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Central-local government relations in Pakistan since 1979

By Taj Moharram Khan

Abstract

This thesis explores the pattern of relationship of local government institutions in Pakistan with the higher level of governments, particularly with the provincial governments, under whose jurisdictional purview they fall. Pakistan is a federation where the provinces are empowered to legislate on various aspects of the working of local councils. Despite being a provincial subject, the influence of the central government under both the military and civilian regimes has also been immense. To analyse this, field work was undertaken in two provinces of Pakistan (the Punjab and the N-W. F. P). In each a district was selected (Gujrat and Mardan respectively) and the working of their municipalities and district councils were studied in the context of the impact of party-politics, the administrative control exercised, and the implications of financial decisions taken by the higher levels of government.\ud \ud Part one of the thesis describes the origin and development of local government in the South Asian sub-continent, particularly an analysis of the initiatives taken for\ud their growth by military and civilian regimes during the years preceding independence.\ud \ud Part two consists of the case studies of four local councils and an analysis of the provincial-local government relations under the present Local Government Ordinance of\ud 1979 introduced by General Mohammad Zia-ul Haque.\ud \ud Part three reflects the concerns and recommendations of experts and those involved in the working of local government in Pakistan.\ud \ud The conclusions drawn from the thesis material show that, though local government institutions have been operating in an environment of political expediency and without assistance from the general political cultural background, they have been able to make positive contributions to the development of democracy and to the provision of local services for the general welfare of the people.\ud \ud Local government in Pakistan has suffered from gaps between theory and practice, public statements and practical realities, and a pervasive political context which has neglected the development of services. There has been a tendency to proclaim the virtues of local government in theory and to make promises to support local institutions but in practice to do much less and to continue with practices which do not enable local government and its services to flourish.\ud \ud The clearest exemplification of this is that periods of martial law, where democracy at a national level has been imperilled, have seen the positive encouragement\ud of local government and local democracy as a means of gaining popular support for the regime. In contrast, in periods of democratic central government, local institutions have proved to be obstacles to central authority, and they have been neglected or abused in\ud favour of a more bureaucratic mode of governing. Both military and civilian rulers have manipulated local institutions for their own benefit. The outcome has been that the relationship between centre and provinces and the provinces and the local institutions has never been balanced or fully articulated.\ud \ud At the local level, as illustrated in the case studies, the consequences has been a lower level of civic amenity than is either desirable or what local persons know is\ud practicable with a more stable institutional base. The past record of the cases studied shows that, despite the impact of local and national politics, real progress had been\ud made in services and in developing local democracy\u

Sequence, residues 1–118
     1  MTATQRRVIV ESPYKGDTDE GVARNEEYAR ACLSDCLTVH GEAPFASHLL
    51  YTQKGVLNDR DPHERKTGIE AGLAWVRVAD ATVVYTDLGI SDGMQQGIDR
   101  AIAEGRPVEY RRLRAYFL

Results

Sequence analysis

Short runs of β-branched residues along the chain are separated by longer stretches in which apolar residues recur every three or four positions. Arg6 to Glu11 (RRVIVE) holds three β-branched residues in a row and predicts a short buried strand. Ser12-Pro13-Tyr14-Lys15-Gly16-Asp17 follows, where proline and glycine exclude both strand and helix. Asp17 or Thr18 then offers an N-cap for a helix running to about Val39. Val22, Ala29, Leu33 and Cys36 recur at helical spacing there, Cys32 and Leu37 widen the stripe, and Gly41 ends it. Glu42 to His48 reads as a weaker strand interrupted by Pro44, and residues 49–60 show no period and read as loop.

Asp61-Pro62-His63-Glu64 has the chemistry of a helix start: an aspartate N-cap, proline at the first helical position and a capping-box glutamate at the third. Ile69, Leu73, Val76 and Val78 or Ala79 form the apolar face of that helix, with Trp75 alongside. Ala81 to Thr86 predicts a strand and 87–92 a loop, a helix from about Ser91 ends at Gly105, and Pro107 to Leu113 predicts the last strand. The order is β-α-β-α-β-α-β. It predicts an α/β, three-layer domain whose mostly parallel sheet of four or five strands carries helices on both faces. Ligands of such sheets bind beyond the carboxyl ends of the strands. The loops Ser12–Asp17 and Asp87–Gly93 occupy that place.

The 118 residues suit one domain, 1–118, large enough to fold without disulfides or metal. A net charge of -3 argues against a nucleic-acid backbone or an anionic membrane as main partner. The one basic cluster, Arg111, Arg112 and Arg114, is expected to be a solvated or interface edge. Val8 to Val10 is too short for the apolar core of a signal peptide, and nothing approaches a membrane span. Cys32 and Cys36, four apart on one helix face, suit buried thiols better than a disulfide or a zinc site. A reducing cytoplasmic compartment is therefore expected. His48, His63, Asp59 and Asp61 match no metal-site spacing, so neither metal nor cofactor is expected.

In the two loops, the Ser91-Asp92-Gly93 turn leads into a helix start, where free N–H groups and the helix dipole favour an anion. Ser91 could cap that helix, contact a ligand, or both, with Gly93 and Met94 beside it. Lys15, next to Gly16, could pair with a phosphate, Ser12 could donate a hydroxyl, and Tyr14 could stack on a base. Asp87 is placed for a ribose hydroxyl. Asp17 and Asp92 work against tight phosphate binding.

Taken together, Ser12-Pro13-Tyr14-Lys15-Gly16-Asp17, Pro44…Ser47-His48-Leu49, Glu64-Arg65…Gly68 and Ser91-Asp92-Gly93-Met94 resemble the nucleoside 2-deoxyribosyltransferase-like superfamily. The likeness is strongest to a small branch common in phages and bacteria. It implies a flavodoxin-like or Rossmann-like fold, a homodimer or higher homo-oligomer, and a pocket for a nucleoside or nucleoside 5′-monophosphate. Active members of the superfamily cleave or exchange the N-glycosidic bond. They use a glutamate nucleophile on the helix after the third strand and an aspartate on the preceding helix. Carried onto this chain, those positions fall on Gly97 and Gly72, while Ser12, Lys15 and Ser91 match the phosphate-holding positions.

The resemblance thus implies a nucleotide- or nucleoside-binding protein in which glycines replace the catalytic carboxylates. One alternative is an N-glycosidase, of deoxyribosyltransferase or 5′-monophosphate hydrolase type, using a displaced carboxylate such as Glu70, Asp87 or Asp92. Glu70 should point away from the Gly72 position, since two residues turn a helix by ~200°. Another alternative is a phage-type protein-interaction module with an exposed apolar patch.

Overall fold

Publisher: School of Politics & International Studies (POLIS) (Leeds)
Year: 1996
OAI identifier: oai:etheses.whiterose.ac.uk:272

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